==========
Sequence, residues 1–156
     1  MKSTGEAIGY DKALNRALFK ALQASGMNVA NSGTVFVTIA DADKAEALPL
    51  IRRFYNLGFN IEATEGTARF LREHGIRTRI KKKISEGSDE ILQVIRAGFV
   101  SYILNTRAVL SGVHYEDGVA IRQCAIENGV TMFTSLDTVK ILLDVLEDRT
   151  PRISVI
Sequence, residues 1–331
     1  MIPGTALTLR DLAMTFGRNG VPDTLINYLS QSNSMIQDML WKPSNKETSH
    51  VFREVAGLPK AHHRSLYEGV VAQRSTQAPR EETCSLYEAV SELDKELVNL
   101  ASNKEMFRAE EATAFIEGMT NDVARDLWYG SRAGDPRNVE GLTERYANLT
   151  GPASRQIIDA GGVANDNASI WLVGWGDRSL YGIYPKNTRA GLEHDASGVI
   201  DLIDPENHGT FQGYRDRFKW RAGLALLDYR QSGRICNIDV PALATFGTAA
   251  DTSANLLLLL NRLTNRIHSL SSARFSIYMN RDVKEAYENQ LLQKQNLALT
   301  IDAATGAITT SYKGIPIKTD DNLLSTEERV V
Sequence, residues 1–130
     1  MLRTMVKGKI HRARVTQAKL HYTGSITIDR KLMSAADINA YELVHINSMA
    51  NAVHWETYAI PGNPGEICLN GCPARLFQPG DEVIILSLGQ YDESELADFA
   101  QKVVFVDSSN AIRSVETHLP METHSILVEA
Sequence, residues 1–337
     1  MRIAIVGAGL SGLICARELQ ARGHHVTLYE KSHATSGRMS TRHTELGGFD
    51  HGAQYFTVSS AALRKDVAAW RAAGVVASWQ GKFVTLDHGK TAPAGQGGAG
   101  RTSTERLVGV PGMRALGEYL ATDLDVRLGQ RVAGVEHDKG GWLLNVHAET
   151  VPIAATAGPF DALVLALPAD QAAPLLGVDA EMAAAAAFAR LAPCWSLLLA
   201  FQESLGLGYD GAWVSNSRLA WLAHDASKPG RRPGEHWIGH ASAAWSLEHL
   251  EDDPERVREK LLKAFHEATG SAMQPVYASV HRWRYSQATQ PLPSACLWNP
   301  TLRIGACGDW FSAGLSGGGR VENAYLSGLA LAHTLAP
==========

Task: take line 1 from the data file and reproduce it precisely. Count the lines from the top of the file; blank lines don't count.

Sequence, residues 1–156